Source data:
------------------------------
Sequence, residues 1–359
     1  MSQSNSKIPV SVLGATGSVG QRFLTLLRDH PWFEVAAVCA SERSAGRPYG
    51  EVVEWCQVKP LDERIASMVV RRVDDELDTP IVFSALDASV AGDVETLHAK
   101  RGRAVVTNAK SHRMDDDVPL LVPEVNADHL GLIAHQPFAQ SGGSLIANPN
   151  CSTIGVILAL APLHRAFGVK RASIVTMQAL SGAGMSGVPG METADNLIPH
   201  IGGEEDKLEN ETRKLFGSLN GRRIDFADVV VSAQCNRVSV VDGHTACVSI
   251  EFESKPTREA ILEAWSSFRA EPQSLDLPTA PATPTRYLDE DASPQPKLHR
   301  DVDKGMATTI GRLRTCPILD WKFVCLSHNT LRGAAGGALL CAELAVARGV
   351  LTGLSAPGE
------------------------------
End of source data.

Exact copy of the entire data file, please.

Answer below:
Sequence, residues 1–359
     1  MSQSNSKIPV SVLGATGSVG QRFLTLLRDH PWFEVAAVCA SERSAGRPYG
    51  EVVEWCQVKP LDERIASMVV RRVDDELDTP IVFSALDASV AGDVETLHAK
   101  RGRAVVTNAK SHRMDDDVPL LVPEVNADHL GLIAHQPFAQ SGGSLIANPN
   151  CSTIGVILAL APLHRAFGVK RASIVTMQAL SGAGMSGVPG METADNLIPH
   201  IGGEEDKLEN ETRKLFGSLN GRRIDFADVV VSAQCNRVSV VDGHTACVSI
   251  EFESKPTREA ILEAWSSFRA EPQSLDLPTA PATPTRYLDE DASPQPKLHR
   301  DVDKGMATTI GRLRTCPILD WKFVCLSHNT LRGAAGGALL CAELAVARGV
   351  LTGLSAPGE